Not so surprising, exports to Mexico - the United States' leading textile and apparel export market - increased more than 15 per cent above last year. Exports to Canada - the United States' second largest foreign market for textiles and apparel - rose less than two per cent, thanks to a strong US dollar. Exports to CBI countries - cut fabric pieces, trim, linings, thread and other assembly items - increased more than 17 per cent.

Average increases in apparel exports, clockwise from top left : Bangladesh (up 25 per cent); Pakistan (up 39.3 per cent); Thailand (up 21.8 per cent) and Turkey (up 29.5 per cent). 

Intense price competition


"Any business person with a strategic outlook will have to ask themselves, 'Where am I going to be when these quotas go away?"

The apparel and footwear industries are facing a period of continued intense price competition due to an increasingly global market for apparel, according to Jack Morgan, director of communications for the American Apparel and Footwear Association (AAFA). "This will only increase with the phase out of apparel quotas in 2005. Our association has supported a number of measures designed to promote trade, and we think that's the best vehicle for the industry to stay competitive over the long haul," Morgan says.

The AAFA was instrumental in the recent passing of CBI legislation and now looks on the horizon to developing the free trade area of the Americas, an issue that's starting to get the attention of the new administration, Morgan says.

" Any business person with a strategic outlook will have to ask themselves, 'Where am I going to be when these quotas go away?'" he says. "It's helpful if you can operate cost effectively in the Western Hemisphere. Then you're putting production in closer proximity to the consumer, which helps in terms of fast turn, getting products on the shelf and resupplied faster."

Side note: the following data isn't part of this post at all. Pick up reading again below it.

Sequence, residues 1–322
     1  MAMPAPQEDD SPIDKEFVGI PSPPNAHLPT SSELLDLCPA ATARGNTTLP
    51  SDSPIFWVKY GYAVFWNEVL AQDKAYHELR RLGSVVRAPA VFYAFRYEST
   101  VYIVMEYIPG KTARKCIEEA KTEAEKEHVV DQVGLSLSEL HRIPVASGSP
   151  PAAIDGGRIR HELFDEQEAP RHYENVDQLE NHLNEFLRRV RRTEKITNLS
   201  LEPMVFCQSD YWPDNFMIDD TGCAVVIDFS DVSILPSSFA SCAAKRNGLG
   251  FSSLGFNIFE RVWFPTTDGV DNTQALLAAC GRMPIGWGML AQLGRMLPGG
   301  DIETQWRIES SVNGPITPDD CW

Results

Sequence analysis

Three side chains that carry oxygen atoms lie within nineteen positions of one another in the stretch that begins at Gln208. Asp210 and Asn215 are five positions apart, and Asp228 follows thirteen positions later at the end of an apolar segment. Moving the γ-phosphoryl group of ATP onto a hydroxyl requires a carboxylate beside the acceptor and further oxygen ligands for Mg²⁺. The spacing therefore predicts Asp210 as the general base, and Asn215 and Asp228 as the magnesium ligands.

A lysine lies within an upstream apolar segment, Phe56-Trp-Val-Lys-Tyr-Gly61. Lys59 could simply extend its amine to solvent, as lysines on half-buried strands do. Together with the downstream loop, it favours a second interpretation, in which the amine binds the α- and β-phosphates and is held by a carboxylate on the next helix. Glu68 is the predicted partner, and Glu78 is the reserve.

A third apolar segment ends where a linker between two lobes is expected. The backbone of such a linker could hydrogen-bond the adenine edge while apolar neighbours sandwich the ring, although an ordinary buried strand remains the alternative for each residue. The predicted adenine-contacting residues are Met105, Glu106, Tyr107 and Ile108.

Cautious optimism


"We're strongly in favour of renewing the Andean Trade Preference Act and would be open to the possibility of extending expanded benefits to Colombia for apparel and textiles"

In terms of state of the industry, Morgan describes a sluggish retail environment that is fraught with mixed signals but in which consumers are still buying. Yet some department stores are still down in the post-holiday period. "The economy is still relatively strong," he says.

"We'd been at a very high level so to dip a little in a month, it's too early to say. And we're coming down from unprecedented growth. This doesn't really change the equation, it only adds to the competitive pressures already there: price competition coupled with a scarcity of labour for domestic producers - the state of economy hasn't changed that situation much," Morgan continues.

"We feel optimistic over the long term, but that doesn't change the fact that you've got a phase-out of quotas on the horizon. Lower barriers to overseas markets will help our members operate more competitively."

AAFA members still need opportunities to produce and sell goods in as many markets as possible with minimal restrictions on trade, and the organisation would like to see new markets open up for the sale of goods in countries like Brazil and Argentina where it is presently difficult due to the duty situation.

One particular act the AAFA supports is the Andean Trade Preference Act, which is up for renewal and includes four South American countries, including Colombia. "We're strongly in favour of renewing the Andean Trade Preference Act and would be open to the possibility of extending expanded benefits to Colombia for apparel and textiles," Morgan says.

The new administration is getting on its feet, and the government could have an early opportunity to renew fast track legislation. "If Congress can't agree to enact trade legislation that would allow companies to access other markets either for sourcing, or to sell to the people there, it's going to be much harder," Morgan says.

By Mona Frastaci